Maria Gonzales and two friends plan to invest in a business. Their schedules are quite busy, so they wish to participate in ownership without assuming operational responsibilities. They have found an experienced professional to handle day-to-day management.
One of the friends has less cash to invest than the others do, but she developed an innovative technological process specifically for the enterprise. That process is expected to drive the bulk of the company’s initial growth. As a result, Maria and her friends have discussed allocating ownership other than strictly based on monetary contributions to the business.
Maria and her friends are concerned about liability.
They expect the business to generate a loss in its first tax year and then become profitable by the second year. Maria and her friends all earn high incomes and are in the 37 percent federal tax bracket. Maria’s friends plan to retire at the end of this year and then draw much lower income from part-time consulting. Maria enjoys her role as a corporate executive, but she is confident that she would find nonprofit work even more fulfilling. She has prepared for the significant income reduction and plans to start her new career next year.
Based on the many factors involved, Maria and her fellow investors may want to establish an LLC taxed as a partnership. That could fulfill several of their objectives:
- Ability to invest as “silent partners” who aren’t involved in day-to-day management
- Liability protection
- Potential for special allocations of income and loss.
- If this were not a concern, an S corporation might be a good option. S corporations, however, may not make special allocations. For that reason, based on the objectives Maria and her friends have listed, an S corporation might not be the best entity type.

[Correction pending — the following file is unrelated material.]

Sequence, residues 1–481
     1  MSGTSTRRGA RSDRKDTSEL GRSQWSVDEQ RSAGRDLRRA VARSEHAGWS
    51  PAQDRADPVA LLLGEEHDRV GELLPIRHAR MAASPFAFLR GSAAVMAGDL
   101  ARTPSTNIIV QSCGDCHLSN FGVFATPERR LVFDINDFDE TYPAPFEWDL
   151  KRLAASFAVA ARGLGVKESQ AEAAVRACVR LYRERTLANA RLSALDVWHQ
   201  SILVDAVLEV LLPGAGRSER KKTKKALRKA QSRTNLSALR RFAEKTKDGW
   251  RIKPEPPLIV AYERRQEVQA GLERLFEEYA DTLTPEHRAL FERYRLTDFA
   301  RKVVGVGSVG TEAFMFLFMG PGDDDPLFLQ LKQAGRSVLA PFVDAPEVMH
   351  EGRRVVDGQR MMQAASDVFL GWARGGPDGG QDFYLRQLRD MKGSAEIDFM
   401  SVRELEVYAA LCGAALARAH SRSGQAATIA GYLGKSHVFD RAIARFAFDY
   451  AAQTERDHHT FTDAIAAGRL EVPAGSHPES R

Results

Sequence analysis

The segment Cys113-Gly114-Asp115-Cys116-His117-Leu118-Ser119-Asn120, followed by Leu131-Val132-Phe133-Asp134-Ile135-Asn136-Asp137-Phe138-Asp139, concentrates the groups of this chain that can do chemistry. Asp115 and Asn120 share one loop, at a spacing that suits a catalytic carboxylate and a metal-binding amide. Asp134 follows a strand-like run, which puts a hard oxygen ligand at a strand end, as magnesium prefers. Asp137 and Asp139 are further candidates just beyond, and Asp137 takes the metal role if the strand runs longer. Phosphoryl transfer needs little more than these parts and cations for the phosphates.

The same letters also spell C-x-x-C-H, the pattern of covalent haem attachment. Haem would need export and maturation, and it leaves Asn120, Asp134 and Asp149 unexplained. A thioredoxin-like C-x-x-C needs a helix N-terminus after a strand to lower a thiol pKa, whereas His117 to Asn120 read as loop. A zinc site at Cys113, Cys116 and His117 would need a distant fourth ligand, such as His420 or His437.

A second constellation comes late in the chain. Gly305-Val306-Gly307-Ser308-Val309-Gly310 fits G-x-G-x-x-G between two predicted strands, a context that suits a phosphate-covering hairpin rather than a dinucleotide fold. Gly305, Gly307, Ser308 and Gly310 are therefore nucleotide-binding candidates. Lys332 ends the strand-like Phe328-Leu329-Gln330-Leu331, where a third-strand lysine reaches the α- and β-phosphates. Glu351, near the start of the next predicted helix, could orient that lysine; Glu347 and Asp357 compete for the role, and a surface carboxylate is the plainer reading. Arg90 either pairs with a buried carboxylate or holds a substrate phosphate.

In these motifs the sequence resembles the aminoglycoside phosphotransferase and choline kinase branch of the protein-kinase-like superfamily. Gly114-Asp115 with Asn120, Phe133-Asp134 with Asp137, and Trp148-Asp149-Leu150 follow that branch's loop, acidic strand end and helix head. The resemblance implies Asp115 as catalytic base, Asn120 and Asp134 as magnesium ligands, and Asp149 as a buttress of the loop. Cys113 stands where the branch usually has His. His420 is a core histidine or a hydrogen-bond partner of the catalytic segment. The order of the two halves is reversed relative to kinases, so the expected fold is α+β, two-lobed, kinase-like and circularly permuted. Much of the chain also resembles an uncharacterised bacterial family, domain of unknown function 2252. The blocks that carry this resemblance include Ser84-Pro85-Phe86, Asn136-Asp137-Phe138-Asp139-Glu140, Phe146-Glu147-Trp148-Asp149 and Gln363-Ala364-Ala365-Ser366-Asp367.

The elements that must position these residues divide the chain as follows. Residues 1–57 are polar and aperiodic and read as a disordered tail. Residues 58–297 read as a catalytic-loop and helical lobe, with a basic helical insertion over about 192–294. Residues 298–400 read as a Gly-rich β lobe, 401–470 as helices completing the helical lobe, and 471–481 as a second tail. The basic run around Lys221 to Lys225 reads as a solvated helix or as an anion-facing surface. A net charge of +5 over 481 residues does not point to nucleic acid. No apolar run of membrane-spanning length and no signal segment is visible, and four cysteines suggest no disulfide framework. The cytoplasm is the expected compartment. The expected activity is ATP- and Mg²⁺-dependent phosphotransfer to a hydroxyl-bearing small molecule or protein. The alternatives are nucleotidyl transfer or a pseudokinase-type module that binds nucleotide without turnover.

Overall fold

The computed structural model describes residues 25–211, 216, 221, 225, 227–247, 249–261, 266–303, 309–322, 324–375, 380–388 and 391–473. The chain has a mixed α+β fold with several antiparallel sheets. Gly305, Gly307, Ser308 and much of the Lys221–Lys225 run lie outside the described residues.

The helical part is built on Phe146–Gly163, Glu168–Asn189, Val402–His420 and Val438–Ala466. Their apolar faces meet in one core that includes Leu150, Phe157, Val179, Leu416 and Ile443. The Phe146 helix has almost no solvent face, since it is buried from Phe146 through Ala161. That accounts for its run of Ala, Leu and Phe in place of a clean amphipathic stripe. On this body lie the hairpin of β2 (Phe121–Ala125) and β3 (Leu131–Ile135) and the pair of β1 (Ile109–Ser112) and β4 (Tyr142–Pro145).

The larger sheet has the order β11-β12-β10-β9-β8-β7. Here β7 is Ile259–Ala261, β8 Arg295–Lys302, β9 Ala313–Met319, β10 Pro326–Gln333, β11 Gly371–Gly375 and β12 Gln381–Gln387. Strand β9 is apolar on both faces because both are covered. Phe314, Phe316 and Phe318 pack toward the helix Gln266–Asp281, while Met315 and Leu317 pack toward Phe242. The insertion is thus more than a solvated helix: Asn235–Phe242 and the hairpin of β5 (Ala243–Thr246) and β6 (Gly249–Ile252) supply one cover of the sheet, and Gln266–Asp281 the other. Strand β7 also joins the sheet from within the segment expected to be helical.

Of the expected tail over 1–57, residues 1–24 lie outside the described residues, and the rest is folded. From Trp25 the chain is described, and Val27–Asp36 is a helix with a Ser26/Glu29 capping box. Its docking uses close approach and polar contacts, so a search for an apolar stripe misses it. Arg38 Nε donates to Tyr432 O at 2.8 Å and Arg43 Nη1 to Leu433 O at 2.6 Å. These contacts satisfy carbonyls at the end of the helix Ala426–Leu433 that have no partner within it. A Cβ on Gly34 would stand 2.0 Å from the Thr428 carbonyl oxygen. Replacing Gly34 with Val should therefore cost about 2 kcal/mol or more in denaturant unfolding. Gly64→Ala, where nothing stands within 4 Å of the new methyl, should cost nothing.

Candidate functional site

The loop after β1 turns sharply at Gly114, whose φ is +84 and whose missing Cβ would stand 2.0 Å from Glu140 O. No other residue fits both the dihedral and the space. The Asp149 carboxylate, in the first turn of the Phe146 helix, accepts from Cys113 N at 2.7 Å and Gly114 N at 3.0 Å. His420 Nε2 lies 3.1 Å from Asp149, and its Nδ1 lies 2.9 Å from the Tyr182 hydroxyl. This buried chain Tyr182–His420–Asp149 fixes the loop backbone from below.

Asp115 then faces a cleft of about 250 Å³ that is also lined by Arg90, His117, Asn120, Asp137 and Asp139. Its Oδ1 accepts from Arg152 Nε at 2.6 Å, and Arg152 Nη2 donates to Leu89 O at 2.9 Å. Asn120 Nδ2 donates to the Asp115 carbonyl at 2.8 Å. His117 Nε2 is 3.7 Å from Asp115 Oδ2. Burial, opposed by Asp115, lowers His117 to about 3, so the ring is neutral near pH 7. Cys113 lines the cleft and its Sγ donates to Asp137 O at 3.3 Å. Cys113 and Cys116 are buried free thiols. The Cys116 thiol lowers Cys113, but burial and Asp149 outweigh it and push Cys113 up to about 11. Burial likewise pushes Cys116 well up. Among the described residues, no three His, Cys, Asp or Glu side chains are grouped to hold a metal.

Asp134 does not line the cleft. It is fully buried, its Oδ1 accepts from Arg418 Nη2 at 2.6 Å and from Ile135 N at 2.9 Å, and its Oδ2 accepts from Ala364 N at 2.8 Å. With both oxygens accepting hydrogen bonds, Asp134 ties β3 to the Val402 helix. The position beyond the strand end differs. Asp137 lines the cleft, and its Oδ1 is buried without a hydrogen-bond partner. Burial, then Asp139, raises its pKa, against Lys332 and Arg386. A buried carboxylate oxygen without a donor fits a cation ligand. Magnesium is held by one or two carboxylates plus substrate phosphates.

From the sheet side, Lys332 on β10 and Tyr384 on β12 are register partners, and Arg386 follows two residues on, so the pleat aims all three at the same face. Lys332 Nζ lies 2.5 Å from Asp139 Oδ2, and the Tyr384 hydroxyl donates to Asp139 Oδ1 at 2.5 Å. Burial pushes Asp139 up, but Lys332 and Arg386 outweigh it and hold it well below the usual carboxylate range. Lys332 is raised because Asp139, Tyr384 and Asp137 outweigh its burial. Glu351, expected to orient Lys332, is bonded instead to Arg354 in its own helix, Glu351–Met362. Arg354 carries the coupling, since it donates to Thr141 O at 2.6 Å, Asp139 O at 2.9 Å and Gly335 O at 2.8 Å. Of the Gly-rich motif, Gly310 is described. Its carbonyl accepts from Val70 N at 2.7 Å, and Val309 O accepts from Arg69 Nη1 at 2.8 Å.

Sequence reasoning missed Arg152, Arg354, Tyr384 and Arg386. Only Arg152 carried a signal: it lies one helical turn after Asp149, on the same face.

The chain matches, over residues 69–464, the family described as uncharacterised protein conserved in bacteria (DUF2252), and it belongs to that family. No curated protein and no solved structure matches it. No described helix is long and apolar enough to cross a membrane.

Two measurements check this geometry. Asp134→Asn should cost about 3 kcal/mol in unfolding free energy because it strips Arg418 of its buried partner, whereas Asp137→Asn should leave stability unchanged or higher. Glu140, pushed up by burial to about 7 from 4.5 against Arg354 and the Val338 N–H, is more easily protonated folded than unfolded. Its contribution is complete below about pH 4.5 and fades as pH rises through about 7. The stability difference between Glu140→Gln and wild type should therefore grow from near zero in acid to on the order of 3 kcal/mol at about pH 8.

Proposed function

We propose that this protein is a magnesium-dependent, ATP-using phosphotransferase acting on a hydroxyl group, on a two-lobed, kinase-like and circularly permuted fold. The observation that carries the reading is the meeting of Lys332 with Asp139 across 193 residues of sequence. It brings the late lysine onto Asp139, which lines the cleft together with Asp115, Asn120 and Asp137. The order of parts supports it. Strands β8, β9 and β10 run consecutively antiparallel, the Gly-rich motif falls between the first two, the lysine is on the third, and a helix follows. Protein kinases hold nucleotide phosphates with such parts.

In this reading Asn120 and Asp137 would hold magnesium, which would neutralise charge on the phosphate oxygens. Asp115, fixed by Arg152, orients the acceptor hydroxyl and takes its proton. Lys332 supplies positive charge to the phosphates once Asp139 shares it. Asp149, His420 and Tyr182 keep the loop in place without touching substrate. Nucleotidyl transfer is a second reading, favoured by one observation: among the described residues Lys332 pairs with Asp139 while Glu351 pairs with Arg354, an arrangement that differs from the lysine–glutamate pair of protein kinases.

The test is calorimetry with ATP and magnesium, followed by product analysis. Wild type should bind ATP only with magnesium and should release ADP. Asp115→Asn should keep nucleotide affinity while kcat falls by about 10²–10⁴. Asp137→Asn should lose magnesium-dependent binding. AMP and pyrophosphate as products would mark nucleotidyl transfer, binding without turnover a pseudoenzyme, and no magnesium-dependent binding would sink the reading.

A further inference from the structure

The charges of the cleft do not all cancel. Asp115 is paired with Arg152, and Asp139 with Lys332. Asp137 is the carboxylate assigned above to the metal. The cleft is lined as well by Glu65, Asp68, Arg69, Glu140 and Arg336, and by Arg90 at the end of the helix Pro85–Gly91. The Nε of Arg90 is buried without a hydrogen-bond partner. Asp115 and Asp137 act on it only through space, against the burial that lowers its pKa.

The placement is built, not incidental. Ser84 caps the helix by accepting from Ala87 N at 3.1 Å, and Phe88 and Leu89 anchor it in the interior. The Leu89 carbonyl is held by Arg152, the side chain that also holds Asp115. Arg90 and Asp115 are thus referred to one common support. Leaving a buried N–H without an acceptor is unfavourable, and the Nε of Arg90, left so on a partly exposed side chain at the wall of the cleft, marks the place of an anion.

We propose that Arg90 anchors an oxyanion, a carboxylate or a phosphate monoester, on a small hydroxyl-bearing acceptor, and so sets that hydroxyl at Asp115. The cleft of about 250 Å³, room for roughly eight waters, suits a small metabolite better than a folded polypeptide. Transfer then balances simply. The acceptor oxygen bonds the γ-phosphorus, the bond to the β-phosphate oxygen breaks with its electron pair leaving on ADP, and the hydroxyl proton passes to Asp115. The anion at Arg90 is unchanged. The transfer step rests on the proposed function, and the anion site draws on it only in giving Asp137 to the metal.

- Flow-through taxation
- Flow-through losses could benefit Maria and her friends this year – when their personal income is high.
- Business profits should not pose a personal tax problem in future years, when Maria and her friends will be in much lower marginal brackets.
- The friend who has less cash than the others may need to focus on building reserves to pay estimated taxes.
Dr. Henry Jones, a surgeon, plans to start a medical device company. He wants to attract as many investors as possible and eventually take the company public. In addition, Dr. Jones expects the company ultimately may benefit by offering multiple classes of stock.
Dr. Jones expects to invest heavily in machines and other capital expenditures. He expects that once equipment acquisition and initial business expansion plans are complete, the company will record high profits.
Dr. Jones earns $900,000 per year and is in the highest tax federal income tax bracket. Dr. Jones has amassed a net worth of $15 million, and he wants to protect his family’s assets from business-related lawsuits and/or debts.
Dr. Jones could fulfill several of his objectives by establishing a C corporation. Advantages in his situation could include:
- Good access to capital, with an unlimited number of potential investors
- The potential for common and preferred stock
- Liability protection
- Corporate tax rate much lower than Dr. Jones’ personal tax rate. Double taxation is a concern, but careful tax planning can help mitigate it. The company may pay high (but reasonable) salaries to key team members who have specialized expertise. It also may retain earnings for legitimate business expansion needs. Through those and other proactive strategies, the corporation can limit dividend payments – thereby reducing total taxes.
As these hypothetical case studies illustrate, selecting an appropriate business entity type requires careful consideration of many factors. It is essential to consult experienced professionals – such as financial planners, business-focused attorneys and proactive CPAs – for advice about specific situations. With the right legal form in place, you will have the right foundation to focus on what you really love: wowing your clients and building a thriving, rewarding business.